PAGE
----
“Uh, okay,” I stammered.

And that’s how you end a wildly successful con.

The Audiobook

One day my publisher (Lorina Stephens of Five Rivers Publishing) suggested that I produce an audio book version of my debut novel, A Time and a Place.

This made a lot of sense. Audio books are a booming business these days, and it just makes sense to have your book available in as many formats as possible. Also, I’ve been an audio guy since the age of sixteen when I got my first job announce-operating at CJRW in Summerside, PEI, later making my living as an audio technician/recording engineer for CBC Radio for nineteen years.

Doing sound effects in Studio 212 back in my radio drama days at CBC Radio

For an entire ten of those nineteen years at CBC Radio I made radio plays and recorded and edited tons of short fiction re-purposed for the medium of radio. I remember recording a radio-friendly version of Brad Smith’s novel All Hat over the course of a week or two.

So you would think that I would know what is involved in such a recording. Unfortunately, all my experience did was give me a wildly over-inflated sense of my own abilities. Yes, I did (more or less) possess all the skills required to produce an audio book. But somehow I completely failed to appreciate just how much work was involved in doing it all myself, and how demanding some of that work was.

When Lorina suggested I do the audio book, I truly thought I would be able to knock it off in a couple of weeks. Because I could read, I could record, and I could edit. Thinking back, I was pretty sure we’d done All Hat in a week or two.

It’s laughable, really.

Because thinking back on it a little more carefully, I’m pretty sure that the version of All Hat we produced was an abridged version, and it took four of us to do it: a recording engineer, a producer, an actor, and somebody to adapt it.  Five people, if you include the casting director. And all I did was record it (I may have edited it, but I don’t really remember). I certainly didn’t read it.

Anyway, turning my novel into an audio book was a great excuse to gear up, so I went out and bought a mic, a mixer, and some other peripherals. I had a week of vacation time coming up and figured I could squeeze all the recording in then, and edit at my leisure afterwards, on evenings and weekends.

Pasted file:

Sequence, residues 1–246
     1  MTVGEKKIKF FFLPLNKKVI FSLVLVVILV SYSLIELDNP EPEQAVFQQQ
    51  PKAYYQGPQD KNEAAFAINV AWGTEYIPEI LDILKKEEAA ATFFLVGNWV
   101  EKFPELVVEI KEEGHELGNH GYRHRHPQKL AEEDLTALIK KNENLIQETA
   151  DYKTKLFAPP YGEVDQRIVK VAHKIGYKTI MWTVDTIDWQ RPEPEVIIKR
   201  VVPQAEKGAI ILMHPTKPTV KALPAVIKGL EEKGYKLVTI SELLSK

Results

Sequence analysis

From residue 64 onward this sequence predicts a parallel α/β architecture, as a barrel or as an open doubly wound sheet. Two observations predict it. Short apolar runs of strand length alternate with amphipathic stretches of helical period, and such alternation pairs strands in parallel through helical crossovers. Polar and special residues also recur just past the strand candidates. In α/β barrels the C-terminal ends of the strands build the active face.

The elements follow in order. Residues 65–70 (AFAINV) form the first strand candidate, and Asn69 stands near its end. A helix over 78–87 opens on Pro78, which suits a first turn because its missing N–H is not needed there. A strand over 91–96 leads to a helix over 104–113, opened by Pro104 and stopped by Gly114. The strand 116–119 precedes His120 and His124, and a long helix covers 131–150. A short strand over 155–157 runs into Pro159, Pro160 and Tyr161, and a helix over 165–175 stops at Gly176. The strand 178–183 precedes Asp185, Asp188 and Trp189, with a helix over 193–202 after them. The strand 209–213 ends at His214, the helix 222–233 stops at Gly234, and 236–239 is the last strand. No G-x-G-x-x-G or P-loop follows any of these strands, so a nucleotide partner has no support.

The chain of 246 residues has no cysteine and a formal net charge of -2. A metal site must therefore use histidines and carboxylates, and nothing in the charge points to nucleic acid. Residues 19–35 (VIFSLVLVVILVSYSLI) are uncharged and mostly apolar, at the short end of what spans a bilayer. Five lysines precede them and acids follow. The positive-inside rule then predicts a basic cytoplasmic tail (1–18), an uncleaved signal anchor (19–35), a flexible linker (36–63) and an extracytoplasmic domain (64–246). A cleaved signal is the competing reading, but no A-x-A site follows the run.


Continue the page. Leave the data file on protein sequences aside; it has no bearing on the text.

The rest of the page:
After one week of recording though, I only managed to record ten chapters. My wife attributed this to my propensity to get up late, linger over breakfast reading the Toronto Star, casually walk the dog, and then get started recording around 11am. All of this was true. Add to that trains going by, planes flying overhead, neighbours noisily draining pools, and mysterious noises with no obvious provenance interfering with the recording when I finally did get around to it, and you can see why the process took a bit longer than expected. Worst of all, though, was my inability to read more than half a sentence without making a mistake.

Turning a novel into an audio book was a much bigger deal than I’d realized.

In fact, what I originally thought would take me two or three weeks to accomplish wound up taking over two hundred hours spread out over eleven months.

Here are a few thoughts on the process while it’s reasonably fresh in my mind, in case anybody else out there is thinking of doing the same thing.

The Gear

To record my audio book, I settled on a Shure SM7B microphone. I chose this microphone because I had chosen it back in 2007 to be the main microphone for the radio show Q. I’d tested a lot of microphones and it had sounded the best with the host of that show, and it sounded pretty good on me (if I do say so myself). I would have preferred a Neumann U-87 but I couldn’t afford that (it’s about three grand). But the SM7B (at about $500 Canadian) is a fine microphone with an excellent pedigree. Michael Jackson famously used it to record his album Thriller. Its only limitation that I could see is that it’s a dynamic microphone and you need to give it a boost to get decent levels. But this is easily fixed by placing a Cloudlifter in the chain, providing an extra 25dB of gain.

My weapon of choice, the SM7B

An advantage of the SM7B is that it pretty much records what you point it at and rejects most everything else. This was really helpful recording in my basement. When I turned off the air conditioning,  made sure no other appliances in the house were running, and closed the door to the basement, the noise floor was almost non-existent, but there could still be some extraneous noise, so it was helpful to have a very directional microphone.

You do have to work the SM7B pretty closely to get a nice, plummy sound. The host I used to work with on Q worked it so closely that I wound up sticking two pop filters between him and the mic to avoid popping. In my case, I used the A7WS windscreen that comes with the mic out of the box plus one pop filter.  I still popped a bit, but I had ways of dealing with that, which I’ll come to later.

My fairly straight-forward home studio in my basement.

The rest of my setup was pretty simple. You can see it pictured here. Basically the SM7B plugged into the Cloudlifter, the Cloudlifter plugged into a Steinberg mixer, which in turn is connected to a MacBook Pro via USB. And a pair of decent Sennheiser headphones and a mic stand. I read the script (just a PDF version of the novel) right off the MacBook, flipping back and forth between Adobe Reader and my audio software as required.

I recorded almost everything in Cubase, which came with the Steinberg mixer, but I never really got to like it. I’ve used a lot of audio editing software in my time (D-Cart, Dalet, DaletPlus, Sonic Solutions, ProTools, Audacity) and Cubase just didn’t compare in terms of immediate usability.  Probably if I’d taken the time I would have gotten used to it, but when it came time to editing the audio book, I switched to Audacity, which can be downloaded free and is much simpler.